On 27 September 2001, a fatwa was issued by six senior Middle Eastern Muslim clerics, responding to the September 11 attacks, stating that the terrorists' acts, from the perspective of Islamic law, constitute the crime of hirabah (waging war against society).
In July 1999 the Organisation of the Islamic Conference adopted its Convention on Combating International Terrorism, at its 26th session in Burkina Faso. The convention reiterated that terrorism cannot be justified in any way and constitutes a gross violation of human rights, and further that Islamic law rejects all forms of violence and terrorism, in particular that which is based on religious extremism. The convention sets the measures to be taken to prevent terrorism and terms for cooperation between member states in combating it. The full text of the convention is found here.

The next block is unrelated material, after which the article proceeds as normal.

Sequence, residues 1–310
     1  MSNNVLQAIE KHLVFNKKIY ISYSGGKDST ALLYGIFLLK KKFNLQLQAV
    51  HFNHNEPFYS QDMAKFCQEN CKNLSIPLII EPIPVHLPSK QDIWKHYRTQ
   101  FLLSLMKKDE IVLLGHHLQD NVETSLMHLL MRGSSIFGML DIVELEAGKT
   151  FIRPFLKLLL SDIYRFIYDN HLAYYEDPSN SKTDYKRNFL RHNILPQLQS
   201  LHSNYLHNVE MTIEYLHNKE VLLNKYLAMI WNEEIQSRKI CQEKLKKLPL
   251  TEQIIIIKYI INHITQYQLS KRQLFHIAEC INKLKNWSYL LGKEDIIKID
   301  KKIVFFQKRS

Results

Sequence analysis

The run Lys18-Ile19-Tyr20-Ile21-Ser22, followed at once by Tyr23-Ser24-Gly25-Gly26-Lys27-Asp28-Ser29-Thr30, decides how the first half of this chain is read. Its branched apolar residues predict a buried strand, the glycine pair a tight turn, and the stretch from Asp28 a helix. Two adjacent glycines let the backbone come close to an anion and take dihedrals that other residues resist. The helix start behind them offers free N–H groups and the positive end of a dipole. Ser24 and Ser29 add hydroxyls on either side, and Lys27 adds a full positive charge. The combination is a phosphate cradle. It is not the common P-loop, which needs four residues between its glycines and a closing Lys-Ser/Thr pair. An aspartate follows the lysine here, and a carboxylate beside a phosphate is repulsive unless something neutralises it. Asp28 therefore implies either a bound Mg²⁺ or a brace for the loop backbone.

Please note the list above contains external links and the NCEIS takes no responsibility for their contents. They do not necessarily represent the views of the NCEIS, its staff, or the NICF.
Book length scholarly works on jihad and terrorism
Popular Egyptian Shaykh Yusuf al-Qaradawi published a two-volume work in 2010 on the jurisprudence surrounding war and physical conflict in Islamic law, entitled The Fiqh of Jihad: A Comparative Study of its Rulings and Philosophy in Light of the Qur’an and Sunnah. It is currently only available in Arabic. (A review and summary of its contents by the Tunisian intellectual Rashid al-Ghannushi is also available.)
Shaykh Abdullah bin Bayyah gave a lecture about the causes and solutions of terrorism at the International Islamic Fiqh Academy in Jeddah in 2005. The lecture is available online in Arabic. The lecture was later expanded and published as a book, entitled Terrorism: Diagnosis and Solutions, currently available only in Arabic.
Fatwas and statements on ISIS